That, dear reader, is the challenge of allowing “amateurs” to name things. In France, the Académie Française, established in 1635 by Cardinal Richelieu, is the pre-eminent authority for matters pertaining to the French language, and publishes an official dictionary of the French language. In recent years, a committee of 40 had to rule on whether newer words like “le computer” are permitted in the dictionary, as opposed to French for “a machine that computes information.”

Back to creme vs. cream: Unless it’s a French recipe with an appropriate accent, such as Coeur à la Crème, stick to cream.
 
  

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TIDBITS: The Difference Between Kettle Chips And Conventional Potato Chips

What exactly are “kettle chips,” such as those made by Boulder Canyon, our Top Pick Of The Week (see the previous post)?

Let’s start at the beginning.

Potato chips, invented in 1853 in Saratoga, New York, were originally called Saratoga chips (the history of potato chips).

By the 1920s, every town in the U.S. had its own chip maker, or “potato chipper.” The chip maker sliced up potatoes and fried them one batch at a time in a small kettle.

The chips got soggy quickly in the days before vacuum packaging (or even airtight bags), and needed to be purchased fresh (see the history for the invention of the potato chip bag).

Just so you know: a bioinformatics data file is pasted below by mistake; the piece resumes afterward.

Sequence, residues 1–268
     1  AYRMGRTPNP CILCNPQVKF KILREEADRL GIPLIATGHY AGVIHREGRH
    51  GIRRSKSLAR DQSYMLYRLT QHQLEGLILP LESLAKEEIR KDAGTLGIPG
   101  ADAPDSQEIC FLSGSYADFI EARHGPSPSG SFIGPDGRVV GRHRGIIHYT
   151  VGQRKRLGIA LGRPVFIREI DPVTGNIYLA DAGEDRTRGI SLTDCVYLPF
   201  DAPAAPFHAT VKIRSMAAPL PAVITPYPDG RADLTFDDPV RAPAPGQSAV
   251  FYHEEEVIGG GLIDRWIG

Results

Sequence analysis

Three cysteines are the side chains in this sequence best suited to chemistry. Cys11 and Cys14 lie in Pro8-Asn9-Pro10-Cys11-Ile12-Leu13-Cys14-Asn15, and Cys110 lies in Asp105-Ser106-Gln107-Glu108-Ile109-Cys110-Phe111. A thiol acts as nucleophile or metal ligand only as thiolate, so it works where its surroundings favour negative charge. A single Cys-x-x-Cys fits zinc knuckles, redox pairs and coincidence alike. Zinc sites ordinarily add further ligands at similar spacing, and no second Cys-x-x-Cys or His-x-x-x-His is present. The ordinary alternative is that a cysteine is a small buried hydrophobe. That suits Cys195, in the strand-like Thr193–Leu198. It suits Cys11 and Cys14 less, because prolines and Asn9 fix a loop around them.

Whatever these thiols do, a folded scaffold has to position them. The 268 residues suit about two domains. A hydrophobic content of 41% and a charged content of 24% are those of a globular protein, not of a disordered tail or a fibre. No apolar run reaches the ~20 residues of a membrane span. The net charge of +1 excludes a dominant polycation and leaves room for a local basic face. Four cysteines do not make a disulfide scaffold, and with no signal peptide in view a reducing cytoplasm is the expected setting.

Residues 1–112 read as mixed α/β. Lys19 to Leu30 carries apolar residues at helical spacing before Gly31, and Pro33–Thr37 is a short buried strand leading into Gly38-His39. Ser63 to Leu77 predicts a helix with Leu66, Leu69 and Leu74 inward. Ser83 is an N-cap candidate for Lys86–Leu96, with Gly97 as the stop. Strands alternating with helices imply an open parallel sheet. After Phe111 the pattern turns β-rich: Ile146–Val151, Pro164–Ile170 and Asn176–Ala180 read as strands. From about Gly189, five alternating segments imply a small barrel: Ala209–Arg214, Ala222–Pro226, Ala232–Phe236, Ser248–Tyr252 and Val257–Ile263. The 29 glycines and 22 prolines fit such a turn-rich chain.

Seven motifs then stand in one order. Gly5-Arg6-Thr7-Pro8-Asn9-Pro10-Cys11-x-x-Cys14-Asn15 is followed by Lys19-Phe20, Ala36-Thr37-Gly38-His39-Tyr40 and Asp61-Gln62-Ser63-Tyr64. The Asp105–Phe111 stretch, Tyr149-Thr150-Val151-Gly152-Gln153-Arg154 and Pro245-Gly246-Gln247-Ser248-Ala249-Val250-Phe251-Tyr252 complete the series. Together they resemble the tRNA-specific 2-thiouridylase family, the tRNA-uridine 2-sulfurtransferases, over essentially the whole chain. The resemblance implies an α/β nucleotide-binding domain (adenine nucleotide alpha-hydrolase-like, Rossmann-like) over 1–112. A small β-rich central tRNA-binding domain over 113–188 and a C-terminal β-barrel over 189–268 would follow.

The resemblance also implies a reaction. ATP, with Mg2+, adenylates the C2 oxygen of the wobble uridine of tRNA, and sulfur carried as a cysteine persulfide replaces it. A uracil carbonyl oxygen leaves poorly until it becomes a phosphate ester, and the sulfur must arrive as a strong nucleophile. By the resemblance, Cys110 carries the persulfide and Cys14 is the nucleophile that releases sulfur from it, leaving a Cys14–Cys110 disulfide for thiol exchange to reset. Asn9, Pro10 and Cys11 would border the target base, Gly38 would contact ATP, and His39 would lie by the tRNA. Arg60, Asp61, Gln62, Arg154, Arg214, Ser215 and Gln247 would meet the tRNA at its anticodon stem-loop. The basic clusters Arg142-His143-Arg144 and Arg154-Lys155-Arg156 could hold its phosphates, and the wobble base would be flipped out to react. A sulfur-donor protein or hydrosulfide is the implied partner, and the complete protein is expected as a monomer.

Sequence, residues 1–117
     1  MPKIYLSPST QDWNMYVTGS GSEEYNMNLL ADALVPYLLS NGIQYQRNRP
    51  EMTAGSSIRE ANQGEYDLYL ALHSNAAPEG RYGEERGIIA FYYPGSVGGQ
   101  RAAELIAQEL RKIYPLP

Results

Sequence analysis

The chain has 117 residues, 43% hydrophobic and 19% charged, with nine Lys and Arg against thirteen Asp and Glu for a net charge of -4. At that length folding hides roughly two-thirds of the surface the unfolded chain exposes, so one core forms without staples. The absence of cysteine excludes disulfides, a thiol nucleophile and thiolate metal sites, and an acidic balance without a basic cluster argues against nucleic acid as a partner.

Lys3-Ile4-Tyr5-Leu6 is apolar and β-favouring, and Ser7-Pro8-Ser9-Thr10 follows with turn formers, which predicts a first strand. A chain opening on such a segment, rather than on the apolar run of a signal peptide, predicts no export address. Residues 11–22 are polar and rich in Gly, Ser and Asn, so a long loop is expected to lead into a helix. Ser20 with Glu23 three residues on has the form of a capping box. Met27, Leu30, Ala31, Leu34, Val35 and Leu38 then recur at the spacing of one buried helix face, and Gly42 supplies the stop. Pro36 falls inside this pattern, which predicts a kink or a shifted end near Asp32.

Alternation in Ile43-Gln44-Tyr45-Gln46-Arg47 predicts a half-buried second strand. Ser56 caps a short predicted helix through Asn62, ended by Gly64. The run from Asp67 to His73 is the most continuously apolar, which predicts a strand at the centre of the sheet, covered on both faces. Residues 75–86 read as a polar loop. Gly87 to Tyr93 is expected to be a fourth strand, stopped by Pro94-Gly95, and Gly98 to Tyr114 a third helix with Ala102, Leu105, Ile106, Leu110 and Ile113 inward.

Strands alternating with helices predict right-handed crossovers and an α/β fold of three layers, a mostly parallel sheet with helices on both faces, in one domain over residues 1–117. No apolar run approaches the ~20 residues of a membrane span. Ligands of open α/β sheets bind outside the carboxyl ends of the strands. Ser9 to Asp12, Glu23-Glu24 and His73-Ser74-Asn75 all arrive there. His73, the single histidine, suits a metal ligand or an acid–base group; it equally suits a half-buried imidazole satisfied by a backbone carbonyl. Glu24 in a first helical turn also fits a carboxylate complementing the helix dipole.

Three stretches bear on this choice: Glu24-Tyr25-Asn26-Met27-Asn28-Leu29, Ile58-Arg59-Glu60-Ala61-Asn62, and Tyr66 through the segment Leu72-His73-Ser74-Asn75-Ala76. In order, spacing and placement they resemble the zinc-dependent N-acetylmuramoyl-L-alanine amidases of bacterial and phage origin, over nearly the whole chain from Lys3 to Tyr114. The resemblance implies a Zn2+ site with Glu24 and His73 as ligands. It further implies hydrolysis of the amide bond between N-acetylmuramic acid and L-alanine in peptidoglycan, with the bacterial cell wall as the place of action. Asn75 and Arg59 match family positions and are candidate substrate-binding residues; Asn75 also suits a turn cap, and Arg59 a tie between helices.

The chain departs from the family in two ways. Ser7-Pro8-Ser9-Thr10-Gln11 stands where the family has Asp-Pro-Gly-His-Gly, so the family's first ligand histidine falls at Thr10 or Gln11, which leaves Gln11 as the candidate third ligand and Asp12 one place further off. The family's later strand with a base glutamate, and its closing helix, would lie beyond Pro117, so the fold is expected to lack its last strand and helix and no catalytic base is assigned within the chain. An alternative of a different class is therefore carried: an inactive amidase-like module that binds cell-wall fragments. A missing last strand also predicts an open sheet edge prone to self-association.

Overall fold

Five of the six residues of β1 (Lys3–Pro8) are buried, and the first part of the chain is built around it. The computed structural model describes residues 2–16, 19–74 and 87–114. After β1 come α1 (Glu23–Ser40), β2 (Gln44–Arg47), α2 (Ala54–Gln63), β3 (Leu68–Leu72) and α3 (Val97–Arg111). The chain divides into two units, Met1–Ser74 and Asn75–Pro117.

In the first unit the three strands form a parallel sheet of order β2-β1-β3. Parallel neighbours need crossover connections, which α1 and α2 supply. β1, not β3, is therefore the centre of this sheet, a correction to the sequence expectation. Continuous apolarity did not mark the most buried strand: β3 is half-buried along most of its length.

The continuous fryer was invented in 1929, creating tremendous economies of scale and driving most of the small, kettle cookers out of business.

By the 1940s, automation had evolved to change much of America’s artisan food production into mass production, including potato chips.

Potato farmers bred the natural sugars out of potatoes to accommodate mass production, because the natural, variable sugar content required individualized attention to know when the batch was done. That can’t happen in mass production.

The result: Brands like Lay’s and Wise, which sell many millions of bags a year, are certainly popular; but their flavor is only a shadow of the former gustatory glory of the potato chip, made in small batches with more flavorful potatoes.

Hence, the resurgence of the artisan chip.

Today’s “kettle chips” are a return to the thicker, small-batch chips made with top ingredients (you can use some of the best brands to construct fancy hors d’oeuvres, as shown in photo #2).

While today’s “kettles” are fryers much larger than the original stovetop kettle, they are still small in comparison to mass-produced chips.

Don’t be afraid to spend more: With many brands, it really is a superior potato.

  • Read more about potato chips in the Snacks Section of THE NIBBLE online magazine.
  • Fry your own kettle chips with this recipe.
  •   Artisan Potato Chips

    Potato Chip Garnish
    The right chip is not just a good snacker: It creates sexy hors d’oeuvres. [1] Saratoga Chips, the original branded chip (photo The Nibble). [2] A house-made waffle chip as an hors d’oeuvre garnish (photo courtesy Kettle Brand chips.

     
      

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    TOP PICK OF THE WEEK: Boulder Canyon Potato Chips

    Boulder Canyon Potato Chips
    Two of our favorite flavors of Boulder Canyon potato chips: Hickory Barbecue (front) and Parmesan &
    Garlic.